Former KGB agent and government critic/super hero Alexander Litvinenko was poisoned and killed recently by using polonium 210, a favorite killing method among Cold War spies, at the Itsu sushi restaurant in London. Mr.Thursday condemns the public poisoning of ex-KGB agents active in the robust years of the Cold War. Not only do such acts deter such “whistle blowers” from revealing secrets (although possibly damaging to a state’s reputation) that the public has a compelling interest to discover, e.g. the war in Chechnya.
However, Litvinenko’s polonium 210 poisoning is not the first to occur in an Eastern European state. In fact, poison has long been the method of choice for offing political rivals. President Victor Yushchenko of Ukraine’s Nasha Ukrayina (Our Ukraine) Party was poisoned with dioxin, which left his face deformed and destroyed his intestines. Georgi Markov, a Bulgarian dissident who expressed his criticism of the Bulgarian communist regime through radio, novels and plays, was poisoned with ricin in 1978 (also by the KGB) with the poison injected into his system through the tip of an umbrella.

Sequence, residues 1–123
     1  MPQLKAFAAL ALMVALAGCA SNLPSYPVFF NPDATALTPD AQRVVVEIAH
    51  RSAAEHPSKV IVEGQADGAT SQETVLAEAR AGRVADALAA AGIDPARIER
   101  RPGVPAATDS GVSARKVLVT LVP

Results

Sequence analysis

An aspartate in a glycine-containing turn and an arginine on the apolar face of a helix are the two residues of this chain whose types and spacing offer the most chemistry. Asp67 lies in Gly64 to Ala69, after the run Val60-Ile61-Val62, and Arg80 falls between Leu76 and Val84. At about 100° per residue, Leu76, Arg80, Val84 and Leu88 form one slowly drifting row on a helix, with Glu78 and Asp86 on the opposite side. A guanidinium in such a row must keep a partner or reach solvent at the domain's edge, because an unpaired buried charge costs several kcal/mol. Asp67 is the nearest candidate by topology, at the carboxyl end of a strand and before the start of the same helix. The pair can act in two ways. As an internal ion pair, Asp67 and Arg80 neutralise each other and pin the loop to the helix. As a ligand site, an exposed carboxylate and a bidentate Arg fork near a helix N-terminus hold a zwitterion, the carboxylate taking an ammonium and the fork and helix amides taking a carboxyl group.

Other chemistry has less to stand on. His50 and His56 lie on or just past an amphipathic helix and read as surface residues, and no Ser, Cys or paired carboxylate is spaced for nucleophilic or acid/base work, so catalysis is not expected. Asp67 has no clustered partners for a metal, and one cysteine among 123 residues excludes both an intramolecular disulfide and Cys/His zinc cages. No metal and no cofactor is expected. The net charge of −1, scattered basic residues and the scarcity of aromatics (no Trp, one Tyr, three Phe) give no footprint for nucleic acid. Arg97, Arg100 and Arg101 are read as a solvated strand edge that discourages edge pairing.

So why is it that Eastern European states, many working together with the KGB, employ poisoning as an effective means of eliminating political opponents?
Perhaps it is the old world flair of a good, covert poisoning that unearth’s memories of Rasputin, Dostoevsky and collective farming. Maybe it’s a lingering derivation of the Cold War mentality to prefer secret murders to avoid public embarrassment and controversy rather than democratic transparency advocated by Mr.Thursday. The KGB and Eastern European block are not alone in this trend, even if the methods of other worldly powers receive less attention in the press.
Perhaps it is derived from the bleak nature of Eastern Europe. Not only does a secret poisoning create an agonizing death for the victim, but it also provides intimacy for the killer reflecting the tumultuousness of nature and weather. They’re a fatalistic people anyway.
However, Mr.Thursday holds the position that Eastern European political poisonings are based out of a desire to kill the political opponent without directly involving the sponsoring government.
The late Litvinenko now continues a long history of poisoning by European war lords leading back to the days of Socrates. Eastern Europe is proud to be sponsoring autocratic regimes and military coup d’etats in Her states for years to come. It’s quite a distinguised tradition; however, we will not be eating at Itsu sushi restaurants for some time.